There are many more expressions featuring “il y a” in French. As I said above, “il y a” is very common and sometimes won’t translate literally in English!
How To Pronounce “Il Y A” in French?
“Il y a” is probably the common French expression where the everyday French pronunciation versus overly enunciated pronunciation – often featured in French methods – is the most blatant.
And this modern way of speaking French often comes to a shock to poor students of French who were never prepared for that!
So let’s study how you may have learned to say “il y a” and see how most French people would pronounce “il y a” in a regular, relaxed French conversation today.
“Il Y A” – Overly Enunciated French Pronunciation
When pronouncing “il y a”, there will always be a vowel gliding between the “y” and the “a”, making it sound like “ya“.
So if someone enunciated a lot, like maybe someone reciting French poetry, “il y a” would be pronounced “eel ee ya“. All in one breath, you cannot breathe or stop in the middle.
That’s probably what you’ve learned in your French classes. However, it’s quite unlikely you’ll hear “il y a” spoken this way in France.
“Il Y A” Everyday Enunciated French Pronunciation
In France, if someone was to enunciate quite well, the double “i” sound of the Y would be dropped, and we’d pronounce “il y a” “eelya“.
This is a common “enunciated” French pronunciation of “il y a”, the one students of French should learn in school since it would be fine to use in a rather formal register.
What Is “Ya” In French?
When French natives speak fast and in a relaxed environment , the pronunciation of “il y a” glides even more!
- “il y a” would sometimes sound like “ee ya“, dropping the L sound.
- or even more common, the whole “il y a” would just become a “ya” sound.
Now it’s important you understand the large majority of French people speaks like that in a relaxed setting: politicians would speak like that at home, my 80 years young mother would say “ya” as well, so would I or my daughter…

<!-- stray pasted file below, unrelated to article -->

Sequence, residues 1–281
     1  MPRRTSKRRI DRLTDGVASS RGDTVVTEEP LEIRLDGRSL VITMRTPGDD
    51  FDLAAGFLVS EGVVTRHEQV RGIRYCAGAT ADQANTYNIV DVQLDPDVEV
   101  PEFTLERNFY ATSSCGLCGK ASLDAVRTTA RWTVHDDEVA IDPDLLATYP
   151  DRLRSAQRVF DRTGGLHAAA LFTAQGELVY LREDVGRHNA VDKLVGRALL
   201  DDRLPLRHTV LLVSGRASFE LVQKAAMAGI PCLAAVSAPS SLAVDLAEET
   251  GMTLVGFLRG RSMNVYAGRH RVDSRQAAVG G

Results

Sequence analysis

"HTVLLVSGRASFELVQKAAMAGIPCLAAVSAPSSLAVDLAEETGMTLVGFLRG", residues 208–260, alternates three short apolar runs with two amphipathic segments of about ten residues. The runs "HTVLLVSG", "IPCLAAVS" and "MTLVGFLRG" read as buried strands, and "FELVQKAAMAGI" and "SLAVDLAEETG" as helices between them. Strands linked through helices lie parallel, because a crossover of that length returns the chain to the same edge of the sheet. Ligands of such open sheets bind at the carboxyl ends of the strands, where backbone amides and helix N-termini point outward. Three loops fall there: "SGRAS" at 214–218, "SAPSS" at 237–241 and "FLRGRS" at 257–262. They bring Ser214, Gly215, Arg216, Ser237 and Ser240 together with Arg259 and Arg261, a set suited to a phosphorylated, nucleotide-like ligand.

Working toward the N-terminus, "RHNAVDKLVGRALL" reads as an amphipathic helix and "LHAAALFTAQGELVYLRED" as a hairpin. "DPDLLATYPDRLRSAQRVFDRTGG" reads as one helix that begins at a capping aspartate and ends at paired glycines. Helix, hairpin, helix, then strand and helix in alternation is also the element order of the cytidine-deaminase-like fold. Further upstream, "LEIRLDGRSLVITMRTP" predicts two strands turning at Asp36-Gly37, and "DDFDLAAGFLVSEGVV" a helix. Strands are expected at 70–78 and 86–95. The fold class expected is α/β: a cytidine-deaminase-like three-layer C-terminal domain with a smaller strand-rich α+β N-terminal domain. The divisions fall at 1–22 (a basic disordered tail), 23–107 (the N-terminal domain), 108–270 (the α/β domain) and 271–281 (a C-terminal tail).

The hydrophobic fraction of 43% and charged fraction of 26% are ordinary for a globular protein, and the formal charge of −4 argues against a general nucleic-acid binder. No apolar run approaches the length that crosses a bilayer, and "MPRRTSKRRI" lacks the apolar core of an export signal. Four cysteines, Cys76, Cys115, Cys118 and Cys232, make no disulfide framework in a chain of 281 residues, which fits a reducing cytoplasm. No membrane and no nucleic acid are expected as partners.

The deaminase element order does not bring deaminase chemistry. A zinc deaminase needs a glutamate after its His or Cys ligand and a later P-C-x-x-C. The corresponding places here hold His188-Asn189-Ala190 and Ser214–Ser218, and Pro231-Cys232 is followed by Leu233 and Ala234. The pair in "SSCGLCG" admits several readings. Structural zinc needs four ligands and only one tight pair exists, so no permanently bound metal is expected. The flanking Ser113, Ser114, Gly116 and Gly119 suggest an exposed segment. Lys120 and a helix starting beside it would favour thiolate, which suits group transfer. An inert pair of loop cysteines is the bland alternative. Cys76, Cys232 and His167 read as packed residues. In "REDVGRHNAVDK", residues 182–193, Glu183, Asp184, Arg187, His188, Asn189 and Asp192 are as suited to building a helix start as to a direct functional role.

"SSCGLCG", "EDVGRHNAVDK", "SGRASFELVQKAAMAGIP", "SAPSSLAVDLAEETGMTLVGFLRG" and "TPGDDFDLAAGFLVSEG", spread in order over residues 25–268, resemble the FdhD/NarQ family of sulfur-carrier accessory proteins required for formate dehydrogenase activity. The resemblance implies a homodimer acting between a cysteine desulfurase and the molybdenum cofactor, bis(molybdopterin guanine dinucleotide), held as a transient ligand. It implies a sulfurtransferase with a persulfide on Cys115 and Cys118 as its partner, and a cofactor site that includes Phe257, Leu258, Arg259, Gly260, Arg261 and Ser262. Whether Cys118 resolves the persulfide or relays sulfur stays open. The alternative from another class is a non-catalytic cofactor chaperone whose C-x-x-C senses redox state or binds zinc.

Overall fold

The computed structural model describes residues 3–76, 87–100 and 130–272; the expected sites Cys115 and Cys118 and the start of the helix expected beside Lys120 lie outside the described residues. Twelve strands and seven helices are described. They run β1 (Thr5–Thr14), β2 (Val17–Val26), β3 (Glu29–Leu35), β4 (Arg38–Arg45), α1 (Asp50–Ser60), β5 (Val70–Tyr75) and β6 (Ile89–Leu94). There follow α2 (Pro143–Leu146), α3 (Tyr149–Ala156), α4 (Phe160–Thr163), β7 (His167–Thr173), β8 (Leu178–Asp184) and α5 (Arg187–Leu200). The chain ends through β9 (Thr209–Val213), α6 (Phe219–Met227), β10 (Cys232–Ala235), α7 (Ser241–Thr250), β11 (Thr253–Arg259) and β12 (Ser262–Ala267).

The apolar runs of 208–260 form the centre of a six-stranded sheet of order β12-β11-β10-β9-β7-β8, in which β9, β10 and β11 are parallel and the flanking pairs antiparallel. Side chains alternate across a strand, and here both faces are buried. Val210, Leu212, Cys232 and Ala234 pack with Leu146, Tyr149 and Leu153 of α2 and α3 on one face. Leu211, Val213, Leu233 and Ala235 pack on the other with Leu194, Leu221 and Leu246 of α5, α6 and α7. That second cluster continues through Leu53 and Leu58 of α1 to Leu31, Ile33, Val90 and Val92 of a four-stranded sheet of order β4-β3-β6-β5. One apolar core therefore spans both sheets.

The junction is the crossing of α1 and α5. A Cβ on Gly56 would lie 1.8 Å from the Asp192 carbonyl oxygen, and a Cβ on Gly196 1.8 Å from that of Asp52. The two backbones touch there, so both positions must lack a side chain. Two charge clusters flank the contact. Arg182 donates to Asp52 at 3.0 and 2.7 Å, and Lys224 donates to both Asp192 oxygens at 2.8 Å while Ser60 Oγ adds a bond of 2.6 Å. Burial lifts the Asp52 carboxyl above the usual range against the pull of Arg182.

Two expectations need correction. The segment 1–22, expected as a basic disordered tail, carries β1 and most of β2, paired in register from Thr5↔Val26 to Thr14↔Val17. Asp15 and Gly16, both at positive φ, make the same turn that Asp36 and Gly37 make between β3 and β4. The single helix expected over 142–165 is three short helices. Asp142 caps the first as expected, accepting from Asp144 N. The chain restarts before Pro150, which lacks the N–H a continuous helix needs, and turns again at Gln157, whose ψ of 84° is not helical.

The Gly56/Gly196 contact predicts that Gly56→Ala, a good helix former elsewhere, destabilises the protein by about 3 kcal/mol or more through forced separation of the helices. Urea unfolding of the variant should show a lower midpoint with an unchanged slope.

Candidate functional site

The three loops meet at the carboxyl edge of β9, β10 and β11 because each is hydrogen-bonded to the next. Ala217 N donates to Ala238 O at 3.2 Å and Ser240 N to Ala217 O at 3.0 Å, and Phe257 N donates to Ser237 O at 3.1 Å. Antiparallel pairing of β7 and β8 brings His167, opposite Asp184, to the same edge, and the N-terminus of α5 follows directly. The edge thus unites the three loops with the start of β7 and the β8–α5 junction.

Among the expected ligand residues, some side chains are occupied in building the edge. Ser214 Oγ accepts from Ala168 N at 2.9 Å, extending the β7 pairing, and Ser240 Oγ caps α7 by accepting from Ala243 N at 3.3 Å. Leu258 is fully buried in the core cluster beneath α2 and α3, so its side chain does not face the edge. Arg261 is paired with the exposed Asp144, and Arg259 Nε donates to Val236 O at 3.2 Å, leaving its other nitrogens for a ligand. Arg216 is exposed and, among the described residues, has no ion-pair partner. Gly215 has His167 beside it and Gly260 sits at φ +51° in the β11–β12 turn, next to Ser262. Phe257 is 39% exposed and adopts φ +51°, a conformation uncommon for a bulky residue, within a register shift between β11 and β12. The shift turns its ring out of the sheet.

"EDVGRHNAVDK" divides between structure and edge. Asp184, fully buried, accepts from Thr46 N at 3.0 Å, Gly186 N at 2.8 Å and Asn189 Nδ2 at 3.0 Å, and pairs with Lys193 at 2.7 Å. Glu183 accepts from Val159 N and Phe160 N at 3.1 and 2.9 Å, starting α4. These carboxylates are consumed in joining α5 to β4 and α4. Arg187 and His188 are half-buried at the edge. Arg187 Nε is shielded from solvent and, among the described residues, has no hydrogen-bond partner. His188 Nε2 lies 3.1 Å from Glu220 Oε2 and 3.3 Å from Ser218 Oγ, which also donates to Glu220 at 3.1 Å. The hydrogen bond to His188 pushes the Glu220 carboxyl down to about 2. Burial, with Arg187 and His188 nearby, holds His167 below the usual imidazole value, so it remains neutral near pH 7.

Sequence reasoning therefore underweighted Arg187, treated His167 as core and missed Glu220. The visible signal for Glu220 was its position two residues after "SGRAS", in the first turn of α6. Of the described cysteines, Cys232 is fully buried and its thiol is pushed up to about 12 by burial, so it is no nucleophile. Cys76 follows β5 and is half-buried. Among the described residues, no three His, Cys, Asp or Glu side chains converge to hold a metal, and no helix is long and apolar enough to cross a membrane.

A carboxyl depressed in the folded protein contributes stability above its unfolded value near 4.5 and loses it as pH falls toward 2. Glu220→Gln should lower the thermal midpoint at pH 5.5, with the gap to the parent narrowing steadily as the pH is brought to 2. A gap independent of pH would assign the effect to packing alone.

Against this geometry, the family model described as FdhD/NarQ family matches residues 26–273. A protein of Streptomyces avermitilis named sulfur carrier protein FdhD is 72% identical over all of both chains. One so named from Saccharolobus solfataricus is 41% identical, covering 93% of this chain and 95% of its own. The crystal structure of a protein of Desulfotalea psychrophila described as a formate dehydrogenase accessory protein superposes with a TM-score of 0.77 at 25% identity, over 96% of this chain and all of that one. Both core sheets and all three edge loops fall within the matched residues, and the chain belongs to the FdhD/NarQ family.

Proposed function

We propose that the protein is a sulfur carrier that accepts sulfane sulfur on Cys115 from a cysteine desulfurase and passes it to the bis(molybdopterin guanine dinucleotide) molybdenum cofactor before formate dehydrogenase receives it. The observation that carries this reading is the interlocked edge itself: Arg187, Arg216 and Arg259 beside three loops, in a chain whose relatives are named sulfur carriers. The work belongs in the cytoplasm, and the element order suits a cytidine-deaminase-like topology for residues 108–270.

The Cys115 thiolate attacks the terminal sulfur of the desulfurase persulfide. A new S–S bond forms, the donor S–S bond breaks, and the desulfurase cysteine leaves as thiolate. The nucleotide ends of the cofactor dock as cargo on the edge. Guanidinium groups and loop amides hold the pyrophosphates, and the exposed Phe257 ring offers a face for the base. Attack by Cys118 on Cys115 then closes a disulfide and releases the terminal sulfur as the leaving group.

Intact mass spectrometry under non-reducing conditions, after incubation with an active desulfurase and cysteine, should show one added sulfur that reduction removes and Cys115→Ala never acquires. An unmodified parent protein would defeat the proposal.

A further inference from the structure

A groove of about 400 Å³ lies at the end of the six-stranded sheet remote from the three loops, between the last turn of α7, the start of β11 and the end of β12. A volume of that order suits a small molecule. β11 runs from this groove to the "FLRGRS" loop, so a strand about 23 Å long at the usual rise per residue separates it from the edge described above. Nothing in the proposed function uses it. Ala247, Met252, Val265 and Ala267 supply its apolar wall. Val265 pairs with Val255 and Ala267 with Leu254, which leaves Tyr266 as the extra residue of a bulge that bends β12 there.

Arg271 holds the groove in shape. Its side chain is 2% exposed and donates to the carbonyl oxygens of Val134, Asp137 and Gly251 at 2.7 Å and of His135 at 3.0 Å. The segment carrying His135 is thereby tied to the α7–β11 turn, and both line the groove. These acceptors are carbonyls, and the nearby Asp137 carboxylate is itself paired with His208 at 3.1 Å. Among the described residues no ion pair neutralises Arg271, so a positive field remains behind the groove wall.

This is a very, very common French gliding. It’s not really slang, it’s something almost everybody does.
And of course, it affects all the variations / conjugations of “il y a”:
- Il y a = ya
There is, there are, ago…
- Il n’y a pas = yapa
There isn’t, there aren’t
- Il y en a = yan na
- Il n’y en a pas = yan napa
There isn’t any
- Il y aura = yora
There will be (future)
- Il y a eu = ya u
There was/were (passé-composé)
- Il y avait – ya vè
There was/were (imparfait)
- Y a-t-il = ya teel
Is there, are there (question with inversion)
You are not supposed to write “ya” instead of “il y a”, but you’ll find “ya” or “y’a” in texting, some coming books… Anywhere where French is spelled the way it sounds.
“Il Y A” Pronunciation Recap
So let’s compare the sounds: from the most overly enunciated to the most common spoken form of “il y a”:
- eel ee ya
- eelya – the one you should memorize
- ee ya
- ya – very common in spoken French: you need to understand it!
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And now, click this link to learn about the French pronoun EN